Over the past few months, I have received several calls regarding electronic signatures. Can we? Should we? Are there any compliance-related issues? Has the Securities and Exchange Commission addressed the issue? Is there a corresponding Advisers Act rule or guidance from the commission? This column will address these issues.
Does your firm currently permit electronic signatures or is it considering doing so for new client relationships? If so, there are certain rules and considerations to follow to ensure that your electronic signatures are legally binding agreements with your clients and are admissible in a court room or arbitration proceeding. In addition, an SEC-registered investment advisor (RIA) must adhere to certain requirements set forth by the SEC for electronic records.
There are two major laws to consider prior to implementing an electronic signature program. The first major piece of legislation is the Electronic Signatures in Global and National Commerce Act (ESIGN). ESIGN authorizes the use and acceptance of electronic signatures.
The second cornerstone of electronic signature law is the Uniform Electronic Transaction Act (UETA). UETA is the model or uniform state law counterpart to ESIGN. It hasn’t been adopted by all states, so it is important to know the law regarding electronic signatures in the states in which your firm does business.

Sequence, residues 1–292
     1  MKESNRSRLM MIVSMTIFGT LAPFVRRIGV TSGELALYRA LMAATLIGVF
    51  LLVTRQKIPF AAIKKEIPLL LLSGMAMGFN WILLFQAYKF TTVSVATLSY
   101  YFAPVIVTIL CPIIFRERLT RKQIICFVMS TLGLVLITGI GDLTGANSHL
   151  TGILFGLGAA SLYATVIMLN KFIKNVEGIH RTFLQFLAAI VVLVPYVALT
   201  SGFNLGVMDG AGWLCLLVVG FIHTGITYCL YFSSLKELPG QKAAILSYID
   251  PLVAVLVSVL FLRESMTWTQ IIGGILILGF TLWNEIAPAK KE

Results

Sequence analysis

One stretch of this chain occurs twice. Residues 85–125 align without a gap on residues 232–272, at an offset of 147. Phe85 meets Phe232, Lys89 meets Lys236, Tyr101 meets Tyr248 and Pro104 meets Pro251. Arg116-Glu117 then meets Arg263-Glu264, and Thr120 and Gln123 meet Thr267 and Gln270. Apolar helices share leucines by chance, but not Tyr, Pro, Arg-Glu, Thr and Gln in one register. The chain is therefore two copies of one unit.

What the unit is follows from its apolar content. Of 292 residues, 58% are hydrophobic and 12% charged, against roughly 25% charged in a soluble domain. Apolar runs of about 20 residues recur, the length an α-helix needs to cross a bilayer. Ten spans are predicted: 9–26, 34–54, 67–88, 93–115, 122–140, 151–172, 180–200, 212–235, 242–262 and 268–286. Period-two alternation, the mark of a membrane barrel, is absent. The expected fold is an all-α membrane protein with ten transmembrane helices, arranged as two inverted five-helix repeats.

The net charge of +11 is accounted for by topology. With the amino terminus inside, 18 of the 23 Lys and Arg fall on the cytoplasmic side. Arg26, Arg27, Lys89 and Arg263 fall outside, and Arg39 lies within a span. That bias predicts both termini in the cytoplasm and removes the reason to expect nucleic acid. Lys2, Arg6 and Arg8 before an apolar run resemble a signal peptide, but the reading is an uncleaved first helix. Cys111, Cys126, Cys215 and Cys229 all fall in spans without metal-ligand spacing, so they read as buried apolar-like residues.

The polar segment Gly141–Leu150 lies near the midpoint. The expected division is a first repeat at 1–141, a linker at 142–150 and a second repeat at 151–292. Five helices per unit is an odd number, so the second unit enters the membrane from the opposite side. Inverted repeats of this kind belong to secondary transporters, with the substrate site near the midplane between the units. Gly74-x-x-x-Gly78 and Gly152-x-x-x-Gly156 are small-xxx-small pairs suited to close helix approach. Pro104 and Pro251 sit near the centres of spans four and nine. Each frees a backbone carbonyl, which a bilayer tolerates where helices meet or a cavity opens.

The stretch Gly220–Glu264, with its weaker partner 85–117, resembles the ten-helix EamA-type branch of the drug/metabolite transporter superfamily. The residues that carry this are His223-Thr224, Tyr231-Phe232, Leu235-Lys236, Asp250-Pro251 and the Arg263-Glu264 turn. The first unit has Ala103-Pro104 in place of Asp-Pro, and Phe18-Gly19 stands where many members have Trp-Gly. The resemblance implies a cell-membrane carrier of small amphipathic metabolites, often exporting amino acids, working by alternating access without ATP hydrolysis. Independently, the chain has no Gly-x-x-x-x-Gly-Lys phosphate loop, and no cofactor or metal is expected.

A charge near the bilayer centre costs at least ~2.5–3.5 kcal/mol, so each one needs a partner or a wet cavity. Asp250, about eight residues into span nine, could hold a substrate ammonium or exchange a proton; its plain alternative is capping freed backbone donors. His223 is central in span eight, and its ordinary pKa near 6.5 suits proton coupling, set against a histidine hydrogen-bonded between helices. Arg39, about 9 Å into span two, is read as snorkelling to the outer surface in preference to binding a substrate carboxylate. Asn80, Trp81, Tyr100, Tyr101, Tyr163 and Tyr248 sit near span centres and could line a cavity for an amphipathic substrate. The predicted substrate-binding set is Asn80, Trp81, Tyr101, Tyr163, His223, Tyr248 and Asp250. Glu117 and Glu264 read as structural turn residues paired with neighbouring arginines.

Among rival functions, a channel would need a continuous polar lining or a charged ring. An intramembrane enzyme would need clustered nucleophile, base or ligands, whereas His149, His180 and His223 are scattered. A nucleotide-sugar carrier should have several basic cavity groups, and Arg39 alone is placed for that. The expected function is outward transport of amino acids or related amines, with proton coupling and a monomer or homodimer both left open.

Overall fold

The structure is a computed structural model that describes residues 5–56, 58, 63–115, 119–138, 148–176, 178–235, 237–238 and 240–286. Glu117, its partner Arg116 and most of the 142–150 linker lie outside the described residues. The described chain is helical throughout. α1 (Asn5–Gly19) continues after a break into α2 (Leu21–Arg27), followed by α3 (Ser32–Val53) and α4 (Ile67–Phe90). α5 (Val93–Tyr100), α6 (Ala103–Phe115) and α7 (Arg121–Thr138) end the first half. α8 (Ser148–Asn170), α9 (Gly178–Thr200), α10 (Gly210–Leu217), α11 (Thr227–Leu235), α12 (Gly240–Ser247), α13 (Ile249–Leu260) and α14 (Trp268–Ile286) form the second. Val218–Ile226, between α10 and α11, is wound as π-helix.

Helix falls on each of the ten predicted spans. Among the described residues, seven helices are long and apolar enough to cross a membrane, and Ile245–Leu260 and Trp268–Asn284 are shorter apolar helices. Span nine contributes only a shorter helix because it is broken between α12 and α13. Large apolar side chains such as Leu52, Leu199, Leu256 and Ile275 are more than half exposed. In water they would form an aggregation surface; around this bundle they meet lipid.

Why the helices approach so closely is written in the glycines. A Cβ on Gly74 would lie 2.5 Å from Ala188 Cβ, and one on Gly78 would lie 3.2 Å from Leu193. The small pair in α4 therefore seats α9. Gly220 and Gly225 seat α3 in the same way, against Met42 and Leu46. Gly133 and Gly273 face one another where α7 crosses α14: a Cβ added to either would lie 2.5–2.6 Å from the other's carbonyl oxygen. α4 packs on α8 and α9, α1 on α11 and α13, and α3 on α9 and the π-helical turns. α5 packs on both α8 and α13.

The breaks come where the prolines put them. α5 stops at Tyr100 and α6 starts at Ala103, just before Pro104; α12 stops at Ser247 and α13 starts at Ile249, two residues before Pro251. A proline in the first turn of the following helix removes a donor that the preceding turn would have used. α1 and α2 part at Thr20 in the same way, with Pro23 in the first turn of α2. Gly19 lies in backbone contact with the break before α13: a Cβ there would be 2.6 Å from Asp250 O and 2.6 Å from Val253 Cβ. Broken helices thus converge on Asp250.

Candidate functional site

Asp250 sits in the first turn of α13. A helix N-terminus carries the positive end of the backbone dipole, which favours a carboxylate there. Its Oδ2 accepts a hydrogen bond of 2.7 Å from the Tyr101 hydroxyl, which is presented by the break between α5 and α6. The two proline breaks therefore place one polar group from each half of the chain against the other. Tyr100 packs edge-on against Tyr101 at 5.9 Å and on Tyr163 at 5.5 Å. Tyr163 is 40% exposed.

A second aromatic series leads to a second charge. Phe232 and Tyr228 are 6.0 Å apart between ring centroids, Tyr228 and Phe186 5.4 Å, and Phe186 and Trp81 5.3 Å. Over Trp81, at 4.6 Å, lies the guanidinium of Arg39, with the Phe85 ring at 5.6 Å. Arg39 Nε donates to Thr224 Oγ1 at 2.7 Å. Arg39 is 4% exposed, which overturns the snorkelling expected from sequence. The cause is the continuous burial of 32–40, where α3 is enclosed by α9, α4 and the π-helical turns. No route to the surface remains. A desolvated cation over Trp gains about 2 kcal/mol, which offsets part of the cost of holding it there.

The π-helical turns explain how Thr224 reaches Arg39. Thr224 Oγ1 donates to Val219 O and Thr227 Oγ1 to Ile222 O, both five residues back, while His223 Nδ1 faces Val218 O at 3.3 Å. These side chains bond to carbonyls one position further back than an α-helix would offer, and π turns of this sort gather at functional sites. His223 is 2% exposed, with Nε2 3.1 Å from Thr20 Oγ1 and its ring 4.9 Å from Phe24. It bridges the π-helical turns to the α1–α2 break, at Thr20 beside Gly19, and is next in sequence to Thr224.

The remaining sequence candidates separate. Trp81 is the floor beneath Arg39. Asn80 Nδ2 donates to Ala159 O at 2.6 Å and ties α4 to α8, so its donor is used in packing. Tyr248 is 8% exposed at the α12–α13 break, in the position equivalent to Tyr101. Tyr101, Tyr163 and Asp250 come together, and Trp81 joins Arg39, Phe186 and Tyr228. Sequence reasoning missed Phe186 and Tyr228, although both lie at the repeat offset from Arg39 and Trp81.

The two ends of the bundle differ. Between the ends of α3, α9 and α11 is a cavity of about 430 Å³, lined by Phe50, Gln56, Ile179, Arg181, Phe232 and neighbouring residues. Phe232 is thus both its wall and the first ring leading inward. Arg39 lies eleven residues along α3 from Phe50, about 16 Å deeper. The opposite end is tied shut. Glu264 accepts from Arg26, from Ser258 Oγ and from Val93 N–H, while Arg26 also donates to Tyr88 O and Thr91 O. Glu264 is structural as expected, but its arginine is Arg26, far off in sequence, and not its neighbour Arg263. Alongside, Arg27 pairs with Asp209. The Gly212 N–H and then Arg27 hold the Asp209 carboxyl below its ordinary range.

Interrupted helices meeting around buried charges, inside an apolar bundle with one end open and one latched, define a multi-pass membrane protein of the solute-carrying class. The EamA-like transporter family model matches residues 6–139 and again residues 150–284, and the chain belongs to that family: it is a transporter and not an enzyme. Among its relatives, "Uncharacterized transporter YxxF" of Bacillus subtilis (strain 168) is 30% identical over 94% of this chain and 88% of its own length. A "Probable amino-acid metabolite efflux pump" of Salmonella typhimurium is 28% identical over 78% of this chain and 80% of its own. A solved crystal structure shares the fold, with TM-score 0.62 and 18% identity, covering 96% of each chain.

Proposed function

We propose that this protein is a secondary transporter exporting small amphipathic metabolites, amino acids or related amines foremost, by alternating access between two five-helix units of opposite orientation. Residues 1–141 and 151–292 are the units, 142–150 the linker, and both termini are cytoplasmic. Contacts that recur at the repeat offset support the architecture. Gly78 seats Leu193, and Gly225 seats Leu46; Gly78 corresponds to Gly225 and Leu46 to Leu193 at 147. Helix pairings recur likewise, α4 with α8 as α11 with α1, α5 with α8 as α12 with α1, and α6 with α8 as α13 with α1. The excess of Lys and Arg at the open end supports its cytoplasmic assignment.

As a general rule, if ESIGN and UETA apply to your firm’s electronic signature program, then the signatures cannot be denied legal effect solely because they are in electronic form. ESIGN defines an electronic signature as “an electronic sound, symbol or process attached to or logically associated with an electronic record, and executed or adopted by a person with the intent to sign the record.” UETA has a similar definition, but again, each state has adopted a slightly different definition.